Please note: This article is designed to give an explanation of how the council arrived at its decision and does not reflect my opinion of the overall scheme or decision.
Birmingham City Council’s Core Strategy Consultation Draft was published for public consultation in 2010. There was a review of growth levels in light of changes to the planning system, ie the introduction of the National Planning Policy Framework (NPPF) and abolition of the west Midlands RSS.
The Council says it has a requirement to build around 80,000 houses over the next 15-20 years with only capacity to build 45,000 units. It also claims the shortfall in employment land provision is increasingly acute and most likely demand of 407 hectares versus an identified supply of 173 hectares.
The Sutton Coldfield green belt Options Consultation
The Council went to public consultation at the end of 2012 and the beginning of 2013. About 1,550 responses were submitted, including 1,400 from Sutton Coldfield residents and a petition against building on the Sutton Coldfield green belt with 2,626 signatures was submitted.
There was an overwhelming majority against green belt development, with the most significant raising concerns over inadequate infrastructure and the environment.
A number of statutory bodies were unable to identify any showstoppers preventing development on the green belt. While landowners and developers were not surprisingly in favour on green belt development, but differ over sites.
This is a wakeup call to residents living near green belt area A and B. Expect the developers and landowners who missed out to put up an almighty fight when the plan goes to examination.
In response to local comments, a number of detailed studies were undertaken, including further work on city-wide housing capacity, reassessment of employment land requirement and supply and assessment of potential housing delivery.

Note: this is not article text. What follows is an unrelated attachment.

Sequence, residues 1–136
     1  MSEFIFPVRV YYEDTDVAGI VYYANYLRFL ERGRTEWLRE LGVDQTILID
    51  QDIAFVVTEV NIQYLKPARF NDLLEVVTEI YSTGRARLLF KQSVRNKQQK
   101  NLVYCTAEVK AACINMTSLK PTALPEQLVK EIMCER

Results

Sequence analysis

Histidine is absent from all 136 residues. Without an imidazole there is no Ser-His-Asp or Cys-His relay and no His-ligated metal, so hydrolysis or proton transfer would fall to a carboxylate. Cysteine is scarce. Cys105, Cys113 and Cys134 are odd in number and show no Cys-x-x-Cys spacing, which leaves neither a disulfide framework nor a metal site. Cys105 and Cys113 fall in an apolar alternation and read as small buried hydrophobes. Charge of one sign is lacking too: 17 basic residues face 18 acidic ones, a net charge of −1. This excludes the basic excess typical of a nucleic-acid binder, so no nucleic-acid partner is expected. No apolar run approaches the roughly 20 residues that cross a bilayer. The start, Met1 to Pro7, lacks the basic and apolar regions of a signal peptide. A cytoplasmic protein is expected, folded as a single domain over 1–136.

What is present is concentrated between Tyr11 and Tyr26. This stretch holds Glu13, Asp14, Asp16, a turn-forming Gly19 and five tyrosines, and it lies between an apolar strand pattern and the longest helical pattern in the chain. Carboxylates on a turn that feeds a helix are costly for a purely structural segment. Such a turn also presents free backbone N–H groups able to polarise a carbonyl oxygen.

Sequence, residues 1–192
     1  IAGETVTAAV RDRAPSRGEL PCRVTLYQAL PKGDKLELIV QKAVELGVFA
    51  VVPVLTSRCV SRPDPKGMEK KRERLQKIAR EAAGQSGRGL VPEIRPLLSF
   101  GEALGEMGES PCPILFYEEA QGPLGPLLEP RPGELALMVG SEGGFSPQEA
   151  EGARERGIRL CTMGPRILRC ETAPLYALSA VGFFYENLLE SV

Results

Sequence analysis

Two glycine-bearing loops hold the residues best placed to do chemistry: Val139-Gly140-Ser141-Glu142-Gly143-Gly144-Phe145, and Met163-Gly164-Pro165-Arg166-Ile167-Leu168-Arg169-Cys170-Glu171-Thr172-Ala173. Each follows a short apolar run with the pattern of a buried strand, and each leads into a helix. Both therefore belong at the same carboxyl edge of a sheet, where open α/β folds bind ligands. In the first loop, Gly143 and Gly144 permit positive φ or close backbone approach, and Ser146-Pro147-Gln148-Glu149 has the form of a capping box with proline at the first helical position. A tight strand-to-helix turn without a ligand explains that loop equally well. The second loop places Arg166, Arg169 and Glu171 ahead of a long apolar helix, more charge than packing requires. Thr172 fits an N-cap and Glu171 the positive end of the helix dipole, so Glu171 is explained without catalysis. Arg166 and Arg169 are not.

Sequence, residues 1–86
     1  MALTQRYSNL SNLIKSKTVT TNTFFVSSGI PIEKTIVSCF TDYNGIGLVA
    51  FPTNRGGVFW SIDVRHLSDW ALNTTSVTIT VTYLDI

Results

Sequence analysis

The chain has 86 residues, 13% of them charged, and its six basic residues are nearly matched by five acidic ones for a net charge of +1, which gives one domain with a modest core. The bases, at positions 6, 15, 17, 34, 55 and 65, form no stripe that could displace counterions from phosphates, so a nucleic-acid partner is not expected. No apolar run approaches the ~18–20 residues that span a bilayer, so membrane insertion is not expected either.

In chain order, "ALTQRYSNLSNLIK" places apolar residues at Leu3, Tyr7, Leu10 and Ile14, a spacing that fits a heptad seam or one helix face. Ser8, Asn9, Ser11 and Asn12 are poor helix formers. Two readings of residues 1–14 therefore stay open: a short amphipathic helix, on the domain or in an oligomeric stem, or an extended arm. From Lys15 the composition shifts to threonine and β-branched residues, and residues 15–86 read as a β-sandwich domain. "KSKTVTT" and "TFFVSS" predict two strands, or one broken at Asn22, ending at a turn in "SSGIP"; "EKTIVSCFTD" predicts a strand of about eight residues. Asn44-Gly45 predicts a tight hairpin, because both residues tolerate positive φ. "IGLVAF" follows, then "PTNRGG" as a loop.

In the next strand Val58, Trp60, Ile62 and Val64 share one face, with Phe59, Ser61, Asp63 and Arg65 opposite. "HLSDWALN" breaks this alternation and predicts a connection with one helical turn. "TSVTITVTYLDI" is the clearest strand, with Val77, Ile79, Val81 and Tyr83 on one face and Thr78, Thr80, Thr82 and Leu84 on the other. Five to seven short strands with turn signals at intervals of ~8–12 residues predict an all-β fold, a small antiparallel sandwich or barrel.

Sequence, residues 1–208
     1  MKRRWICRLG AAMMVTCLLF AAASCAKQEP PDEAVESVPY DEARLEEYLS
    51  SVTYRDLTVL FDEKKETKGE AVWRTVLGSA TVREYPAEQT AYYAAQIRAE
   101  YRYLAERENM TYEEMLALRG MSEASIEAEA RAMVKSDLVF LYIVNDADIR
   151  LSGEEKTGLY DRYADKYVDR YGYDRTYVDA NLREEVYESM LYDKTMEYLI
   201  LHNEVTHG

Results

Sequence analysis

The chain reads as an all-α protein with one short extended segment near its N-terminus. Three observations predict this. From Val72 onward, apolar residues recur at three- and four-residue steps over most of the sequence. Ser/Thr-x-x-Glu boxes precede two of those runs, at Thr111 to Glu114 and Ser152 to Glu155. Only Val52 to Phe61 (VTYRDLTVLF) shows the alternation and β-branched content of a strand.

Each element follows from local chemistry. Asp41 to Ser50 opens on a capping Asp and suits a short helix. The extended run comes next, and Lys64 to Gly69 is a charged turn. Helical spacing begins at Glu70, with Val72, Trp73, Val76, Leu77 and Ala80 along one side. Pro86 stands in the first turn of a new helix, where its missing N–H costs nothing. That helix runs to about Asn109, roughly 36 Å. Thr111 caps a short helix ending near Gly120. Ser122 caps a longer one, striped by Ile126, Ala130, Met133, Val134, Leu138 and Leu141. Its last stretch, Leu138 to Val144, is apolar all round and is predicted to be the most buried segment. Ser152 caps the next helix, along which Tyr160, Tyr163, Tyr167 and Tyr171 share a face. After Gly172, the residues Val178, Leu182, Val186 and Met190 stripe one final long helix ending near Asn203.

The housing delivery assessment suggested that from 3,500 up to a maximum of 5,000 homes can be delivered within the plan period.
Technical studies on the green belt areas, such as transport, landscape, archaeology, biodiversity and infrastructure were also carried out
Green Belt Options
The Council carried out a three stage review based on the National Planning Policy Framework.
Stage 1 reconsidered green belt areas outside of North East Birmingham but not further potential was identified outside of the option areas previously consulted upon.
Stage 2 examined option A – D in more detail based on expert assessments with the results in a number of areas discount ted mainly on landscape, archaeology, ecology and purpose of the green belt grounds. The remaining areas were taken through to stage 3.
Stage 3 rated the final areas to identify best options for housing and employment development. The criteria used included – purpose of the green belt, deliverability, archaeology and the historic environment, landscape and visual effects, ecology, agricultural land quality, transport connectivity, transport capacity and site capacity.
This concluded area C (Langley) sustainable for an urban extension and Area D (Peddimore) for employment.
Sutton Coldfield Area C - Langley
The development will be made up of a mixture of housing with a focus on family housing built to the highest design.
There will be a range of supporting facilities including 2 primary schools, 1 secondary school, health care facilities and local shops.
The development will also include improvements to highway infrastructure, including a new junction from the A38, public transport improvements and cycling and walking connections.
Sutton Coldfield Area D - Peddimore
The scheme will be designed to minimise the impact on the green belt through significant buffer areas and reinstatement of historic hedgerows to reinforce the green belt boundary to the North and East.
The site will include new access from the A38 with improved bus services and possible SPRINT for the A38 / Park and Ride facilities.
Requirement identified for significant uplift in public transport.
Birmingham’s overspill housing – Duty to Cooperate
Birmingham has identified a significant housing provision needed in adjoining local authorities.
A joint housing needs study commissioned by the Greater Birmingham and Solihull LEP (GBSLEP) will be completed by the end of February 2014 and the outcome will be reflected in the Development Plan. The Council says this is a difficult and uncertain process.